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15 April 2016

Using grid systems to create pace in your layouts

On Wednesday the bcs design team took a trip to DXN event, a monthly meetup about web design. Andy Clarke talked about Imaginative Grid Systems which really challenged our thinking and approach to web layouts.

Andy raised the concern that products such as Bootstrap are killing creativity on the web and contributing to a sea of same-iness. If you want a giggle then check this out to see if you recognise what he’s referring to. It’s quite interesting how much the following tweet from Jon Gold has resonated with web professionals in the industry…

"Which one of the two possible websites are you currently designing?"
Jon Gold



Whilst I recognise that there is currently a wave of similar websites emerging across the web, I still feel that the internet is in a much better state than ever before. At the end of the evening I chatted with a few young designers in the audience who were new to web design, and it startled me how they had interpreted Andy’s opinions. They felt that they were doing something wrong and ultimately producing bad designs just because they were similar to bootstrap layouts.

I agree that we continually need to be challenging ourselves creatively to move the web forwards, but at the same time, these popular layouts work for a large majority of clients and content.


So, how can we disrupt the way we approach layouts?

The highlight of the talk was when we looked to comic strips for direction and inspiration.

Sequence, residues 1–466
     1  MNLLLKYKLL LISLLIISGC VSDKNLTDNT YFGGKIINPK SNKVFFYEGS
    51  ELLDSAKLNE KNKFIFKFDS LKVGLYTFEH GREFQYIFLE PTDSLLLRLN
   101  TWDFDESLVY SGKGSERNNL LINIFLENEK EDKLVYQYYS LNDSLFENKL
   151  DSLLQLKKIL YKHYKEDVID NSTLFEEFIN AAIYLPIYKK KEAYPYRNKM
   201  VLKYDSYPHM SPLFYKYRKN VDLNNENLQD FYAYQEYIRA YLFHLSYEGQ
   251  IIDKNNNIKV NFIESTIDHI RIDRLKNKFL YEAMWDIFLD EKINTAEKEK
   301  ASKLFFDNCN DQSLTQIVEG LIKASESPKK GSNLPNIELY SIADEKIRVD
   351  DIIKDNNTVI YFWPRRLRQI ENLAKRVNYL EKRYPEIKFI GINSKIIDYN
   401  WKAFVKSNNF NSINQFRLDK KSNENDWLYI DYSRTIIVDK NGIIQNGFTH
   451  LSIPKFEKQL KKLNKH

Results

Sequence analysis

Comic books commonly use grid sizings to establish pace in their stories. Smaller grid spaces are used in succession to create a faster pace whilst larger grid blocks help to slow down the storytelling. Readers will naturally spend longer on the larger blocks of content. Take a look at this example to see how the Concrete comic book series uses this grid system to assist pace…


We can easily transfer this approach to the layouts we design for the web. In fact, you're probably already doing it, to an extent, without realising it. Take a look at the bcsagency blog page and notice how the ‘Featured’ blog post spans over two of the three columns. We want readers to slow down, take notice of and spend more time on this featured content.

Let’s start consciously practicing this technique to evolve the web into a place where layouts are challenged and variety exists. I will certainly be considering this in my designs, watch this space!

If you'd like some advice on creating imaginative layouts in your next project then please get in touch!